As our bodies age, how we utilize the amino acids from the protein we consume also changes.  When protein is eaten, it is broken down in the gastrointestinal tract into amino acids which are then absorbed in the blood stream.  It’s the rapid change in concentration of amino acids in the blood stream that then triggers a chain of metabolic reactions that stimulate the formation of new protein.  However, according to research done at the University of Texas Medical Branch in Galveston as well as at Arizona State University and mentioned in the Staying Strong article in the April 2011 Nutrition Action Healthletter, older adults need a larger amount of amino acids to stimulate protein synthesis.  According to Douglas Paddon-Jones, a researcher at University of Texas, giving 30 grams of protein to a young or older adult will stimulate the same kind of protein synthesis.  Paddon-Jones states that if you give only 15 grams of protein to each age group, the younger age group will synthesize about half the protein, while the older age group will not synthesize any or a very minimal amount.  The older adult needs to get about 30 grams of protein in each meal to stimulate protein synthesis and preserve muscle mass.  This is why cereal for breakfast is not as good for the older adult as a large egg white omelet, with a side of lean Canadian bacon and a piece of whole grain toast.  Most cereals only have about 5-7 grams of protein in a serving size and a cup of milk has 8 grams of protein.  If someone were to boost the serving size in order to get the recommended protein they would be greatly increasing the carbohydrates and calories that can lead to weight gain and not muscle mass protection.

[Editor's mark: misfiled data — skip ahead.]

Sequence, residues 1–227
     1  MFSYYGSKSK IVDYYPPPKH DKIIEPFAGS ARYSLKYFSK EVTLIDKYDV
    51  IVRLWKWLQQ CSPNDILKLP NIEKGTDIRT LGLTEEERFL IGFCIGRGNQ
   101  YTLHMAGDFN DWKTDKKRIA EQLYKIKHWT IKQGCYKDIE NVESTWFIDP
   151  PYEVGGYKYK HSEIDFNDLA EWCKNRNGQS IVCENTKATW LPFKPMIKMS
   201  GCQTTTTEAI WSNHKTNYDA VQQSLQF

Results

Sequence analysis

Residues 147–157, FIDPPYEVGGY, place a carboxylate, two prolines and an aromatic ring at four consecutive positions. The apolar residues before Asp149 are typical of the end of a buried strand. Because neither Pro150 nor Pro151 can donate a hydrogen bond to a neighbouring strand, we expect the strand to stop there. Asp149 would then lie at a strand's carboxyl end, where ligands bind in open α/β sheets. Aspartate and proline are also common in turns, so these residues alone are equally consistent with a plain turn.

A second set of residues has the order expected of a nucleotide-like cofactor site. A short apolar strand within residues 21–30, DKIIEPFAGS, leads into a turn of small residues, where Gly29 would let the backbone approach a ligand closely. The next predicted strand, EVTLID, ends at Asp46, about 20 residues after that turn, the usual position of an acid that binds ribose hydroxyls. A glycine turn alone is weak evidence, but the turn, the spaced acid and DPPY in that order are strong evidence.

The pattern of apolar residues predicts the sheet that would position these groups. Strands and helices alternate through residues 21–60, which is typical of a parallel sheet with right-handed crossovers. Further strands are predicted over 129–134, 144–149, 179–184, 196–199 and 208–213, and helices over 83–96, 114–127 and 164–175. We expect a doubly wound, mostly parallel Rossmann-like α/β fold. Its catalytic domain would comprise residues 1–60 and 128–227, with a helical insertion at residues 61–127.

Types of Protein

Protein is made up of amino acids – 9 of them are “essential”, meaning we must consume them because our bodies can not make them like the other amino acids.  Amino acids are the building blocks for repairing our body.  Some proteins are considered complete, meaning they have all 9 of the essential amino acids, and some are incomplete meaning that they lack some of the essential amino acids.  Complete protein sources include meat, poultry, fish, eggs and dairy – but also include soybeans and quinoa as well.  Choose lean sources like poultry, fish and plant-based or very lean beef and reduced fat dairy since animal proteins can be high in saturated fat.  And if it’s in your budget, buy organic where the type of fat is higher in heart healthy omega 3’s.  Incomplete sources are those from plants like beans, grains and legumes.   A vegetarian diet can get all the essential amino acids needed as long as a variety of plant foods is consumed.  Of all the 20 amino acids, leucine is the amino acid that does the majority of protein synthesis and is a good one to focus on.  It is found in animal proteins but in the article, Staying Strong from the April 2011 issue of the Nutrition Action Health Letter, there is a list of good food sources of leucine.

How Much Protein Is In My Food?

Become aware of the protein in your foods.  Three ounces of cooked chicken breast has about 26 grams of protein.  Three ounces of cooked salmon has 21 grams.  A cup of plain fat-free Greek yogurt has 23 grams of protein.  A large egg has 7 grams of protein and a cup of edamame has 14 grams.  But remember that you don’t have to get all your protein from animal based foods.  A good breakfast for someone under 50 might be a cup of plain fat-free Greek yogurt mixed with some berries and topped with a couple of tablespoons of walnuts.  A good breakfast for someone over 50, particularly if they are getting daily aerobic exercise combined with some strengthening exercises, might include my smoothie recipe(email me for my recipe) along with a good source of protein powder.  Look for my upcoming article on good sources of protein powders.  In the meanwhile, put away the cereal unless you are using a small amount as a topping on your Greek yogurt or smoothie and consider a large egg white and veggie omelet for breakfast, or heck, even some of that leftover chicken from dinner last night!